Puget Sound Sage advocates for a strong carbon pricing policy that re-invests revenue from a carbon-pricing mechanism (whether it be a cap and trade or a carbon tax) into targeted communities that need it the most. A cap and trade or a carbon tax offer both upsides and downsides for the environment and equity, which you can learn more about here. In Sage’s opinion, the merits of each policy comes down to how well it is implemented and whether or not there is a targeted approach to supporting people of color and people with lower incomes.

A targeted investment approach would create massive opportunity to:

  • Identify which communities are the most in need
  • Target those investments to communities who are impacted first and worst by climate change and environmental degradation

We looked towards California’s policy SB 535 – which first commissioned a study to understand environmental hotspots in California. Based on the findings it then had community and policy experts work together to reinvest 25% of the revenue into smart investments that simultaneously address poverty and environmental challenges. This policy has resulted in the largest investment in environmental justice communities in the country. California has already moved millions of dollars to create green jobs, build affordable housing, build up transit centers and invest in clean trucks (which is vital for the health of communities living along heavily polluted truck routes).

How do we evaluate any carbon pricing policy? We start with equity and look towards investing in communities with the most need – but we should be clear about what equity means. This chart can be helpful to explain the difference.

equity-vs-equality

Does Carbon WA’s proposal meet the equity measure?

Carbon WA’s proposal is to tax carbon and use the revenues to 1) reduce the sales tax by 1%, 2) give tax breaks to specific industries, and 3) put the rest towards funding a working families tax rebate. On the surface, this seems like good policy. But let’s examine their approach through a social justice lens.

Ultimately, the core concept to Carbon WA’s carbon tax proposal is “revenue neutrality,” where we greatly increase tax on one thing (carbon) but reduce taxes on other things (general sales). The problem with this is what the revenue neutral approach is about giving everyone the same via a tax reduction. Even at a 1% lower sales tax, this policy solution does not address the severe regressivity of our state’s tax policy – people with lower income pay more in taxes in Washington than any state in the country.

To their credit, Carbon WA included a portion of the revenue to the Working Families Tax Rebate a good policy similar to the Earned Income Tax Credit that gives working families larger refunds at tax return time. However, this solution does not take into account the fact that some communities live in closer proximity to environmental degradation and thus bear worse consequences. In addition, it leaves out large swaths of people with low incomes: specifically, people who lack documents to work in this country, single people, and people on fixed incomes.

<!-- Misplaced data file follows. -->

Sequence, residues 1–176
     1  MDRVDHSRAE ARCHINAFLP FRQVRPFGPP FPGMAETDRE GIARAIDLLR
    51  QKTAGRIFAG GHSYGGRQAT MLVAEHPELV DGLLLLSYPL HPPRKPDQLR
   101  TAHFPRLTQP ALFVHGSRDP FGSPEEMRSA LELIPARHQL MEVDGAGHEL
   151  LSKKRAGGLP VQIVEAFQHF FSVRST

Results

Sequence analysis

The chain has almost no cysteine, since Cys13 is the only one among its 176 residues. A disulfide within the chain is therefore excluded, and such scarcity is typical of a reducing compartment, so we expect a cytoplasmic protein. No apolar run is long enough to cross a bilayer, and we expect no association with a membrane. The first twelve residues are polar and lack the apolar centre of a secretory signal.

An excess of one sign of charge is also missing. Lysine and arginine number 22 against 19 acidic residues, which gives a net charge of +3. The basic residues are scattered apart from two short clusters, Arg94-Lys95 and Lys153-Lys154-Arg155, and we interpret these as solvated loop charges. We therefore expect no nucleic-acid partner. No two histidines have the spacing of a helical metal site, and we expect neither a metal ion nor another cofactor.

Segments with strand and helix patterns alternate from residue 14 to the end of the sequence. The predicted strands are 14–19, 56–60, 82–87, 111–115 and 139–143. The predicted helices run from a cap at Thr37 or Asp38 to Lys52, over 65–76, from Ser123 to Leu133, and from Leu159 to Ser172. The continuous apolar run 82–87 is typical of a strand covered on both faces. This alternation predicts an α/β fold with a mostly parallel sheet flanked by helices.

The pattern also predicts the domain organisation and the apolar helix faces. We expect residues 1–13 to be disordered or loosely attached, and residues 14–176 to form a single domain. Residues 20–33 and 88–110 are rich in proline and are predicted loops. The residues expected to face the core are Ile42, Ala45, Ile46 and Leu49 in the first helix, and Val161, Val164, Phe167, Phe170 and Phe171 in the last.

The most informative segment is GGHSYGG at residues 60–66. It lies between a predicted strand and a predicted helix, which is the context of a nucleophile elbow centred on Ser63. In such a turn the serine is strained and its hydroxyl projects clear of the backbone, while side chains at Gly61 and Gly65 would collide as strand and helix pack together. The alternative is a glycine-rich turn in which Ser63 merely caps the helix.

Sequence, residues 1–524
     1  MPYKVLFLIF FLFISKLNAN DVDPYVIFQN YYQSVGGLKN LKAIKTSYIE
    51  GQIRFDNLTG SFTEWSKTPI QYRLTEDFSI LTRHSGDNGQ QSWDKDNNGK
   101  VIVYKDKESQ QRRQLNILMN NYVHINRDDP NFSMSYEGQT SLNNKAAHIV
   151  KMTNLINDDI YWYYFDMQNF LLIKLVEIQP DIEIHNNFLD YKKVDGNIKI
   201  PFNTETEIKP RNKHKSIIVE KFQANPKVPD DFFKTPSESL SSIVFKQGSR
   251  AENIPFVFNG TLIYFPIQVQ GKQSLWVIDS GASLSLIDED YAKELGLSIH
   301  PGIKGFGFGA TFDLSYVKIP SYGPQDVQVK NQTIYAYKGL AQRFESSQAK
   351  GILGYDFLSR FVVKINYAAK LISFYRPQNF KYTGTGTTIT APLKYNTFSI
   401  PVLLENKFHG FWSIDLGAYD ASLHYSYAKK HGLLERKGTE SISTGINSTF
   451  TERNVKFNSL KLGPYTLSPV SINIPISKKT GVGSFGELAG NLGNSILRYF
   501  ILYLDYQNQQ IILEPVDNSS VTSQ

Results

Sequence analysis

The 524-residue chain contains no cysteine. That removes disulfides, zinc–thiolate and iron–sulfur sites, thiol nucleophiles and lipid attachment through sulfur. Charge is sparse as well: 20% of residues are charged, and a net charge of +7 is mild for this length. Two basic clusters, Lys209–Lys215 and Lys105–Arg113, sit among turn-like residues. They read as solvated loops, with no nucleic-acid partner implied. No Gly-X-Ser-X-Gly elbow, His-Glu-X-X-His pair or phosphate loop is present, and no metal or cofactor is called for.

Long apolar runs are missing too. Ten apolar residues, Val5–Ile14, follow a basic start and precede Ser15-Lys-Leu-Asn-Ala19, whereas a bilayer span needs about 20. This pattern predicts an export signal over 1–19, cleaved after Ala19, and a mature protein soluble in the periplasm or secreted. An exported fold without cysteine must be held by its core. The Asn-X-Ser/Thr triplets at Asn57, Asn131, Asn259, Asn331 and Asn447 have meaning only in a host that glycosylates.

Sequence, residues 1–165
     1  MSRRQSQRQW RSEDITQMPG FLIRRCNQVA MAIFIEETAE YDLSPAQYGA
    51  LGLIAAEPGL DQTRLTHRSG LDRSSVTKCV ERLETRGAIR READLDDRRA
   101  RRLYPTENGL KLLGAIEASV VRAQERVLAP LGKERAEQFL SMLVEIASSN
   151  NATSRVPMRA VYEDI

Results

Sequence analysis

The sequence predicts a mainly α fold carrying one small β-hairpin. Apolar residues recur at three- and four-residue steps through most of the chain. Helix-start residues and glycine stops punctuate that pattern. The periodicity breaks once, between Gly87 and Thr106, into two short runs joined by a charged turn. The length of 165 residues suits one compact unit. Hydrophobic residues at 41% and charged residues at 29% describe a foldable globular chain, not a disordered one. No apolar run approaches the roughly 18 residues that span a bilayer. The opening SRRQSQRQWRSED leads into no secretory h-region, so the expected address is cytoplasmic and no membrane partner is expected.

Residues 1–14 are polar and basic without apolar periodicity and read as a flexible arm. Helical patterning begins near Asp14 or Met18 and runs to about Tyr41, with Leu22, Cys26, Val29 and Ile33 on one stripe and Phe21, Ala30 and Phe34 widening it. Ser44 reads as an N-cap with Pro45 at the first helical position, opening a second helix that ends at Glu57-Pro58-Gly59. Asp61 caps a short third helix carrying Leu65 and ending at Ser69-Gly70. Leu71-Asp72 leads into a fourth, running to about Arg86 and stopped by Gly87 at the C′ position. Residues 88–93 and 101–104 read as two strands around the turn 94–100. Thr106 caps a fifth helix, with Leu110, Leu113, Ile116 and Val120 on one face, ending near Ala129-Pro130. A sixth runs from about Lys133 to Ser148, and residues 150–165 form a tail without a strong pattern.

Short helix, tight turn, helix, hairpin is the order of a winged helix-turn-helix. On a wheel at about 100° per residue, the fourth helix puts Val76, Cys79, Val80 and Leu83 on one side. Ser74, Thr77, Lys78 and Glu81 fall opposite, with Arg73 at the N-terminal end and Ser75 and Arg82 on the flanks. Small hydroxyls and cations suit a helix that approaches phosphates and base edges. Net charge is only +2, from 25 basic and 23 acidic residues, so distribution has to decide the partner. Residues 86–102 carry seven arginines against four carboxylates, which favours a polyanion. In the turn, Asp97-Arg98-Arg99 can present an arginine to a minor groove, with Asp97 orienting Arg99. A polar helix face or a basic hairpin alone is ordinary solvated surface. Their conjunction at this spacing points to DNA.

For the future of our planet and for the people already experiencing the consequences of climate change, any policy must reduce carbon pollution. A successful and socially just policy will include revenue investments that create good jobs, prepare our region for climate change and incorporate the needs and input of communities of color and communities with lower incomes. We believe Carbon WA’s revenue neutral approach falls short of this measure.


A Vision for Community-Supported Equitable Development in Southeast Seattle

It is not a coincidence that Southeast Seattle has the greatest incidence of people with low incomes and possesses the highest poverty rate in the city.  In Southeast Seattle, affordable housing and quality jobs are increasingly hard to find for low-income people and families, who are disproportionately people of color, immigrants, and refugees as a result of the history of segregation.  However, the face of Southeast Seattle, and the country, is changing.  As of 2012, a majority of the nation’s infants were people of color, which now puts the white population of the country in the minority.

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South Communities Organized for Racial and Regional Equity and Puget Sound Sage organizing for equitable development in SE Seattle

Currently, Seattle is the fastest growing city in the country – average rents have increased even more dramatically in the past year and the trend does not show signs of slowing.  Demographic changes in Southeast Seattle and South King County indicate that people of color have been displaced from their communities as the cost of living in Seattle has become unsustainable for them.  As a result, low-income communities and communities of color are relocating to resource-poor suburbs while a largely white and wealthier population remains in Seattle. This segregative effect in major metropolitan areas are deepening racial disparities in this city – disparities we have long sought to change.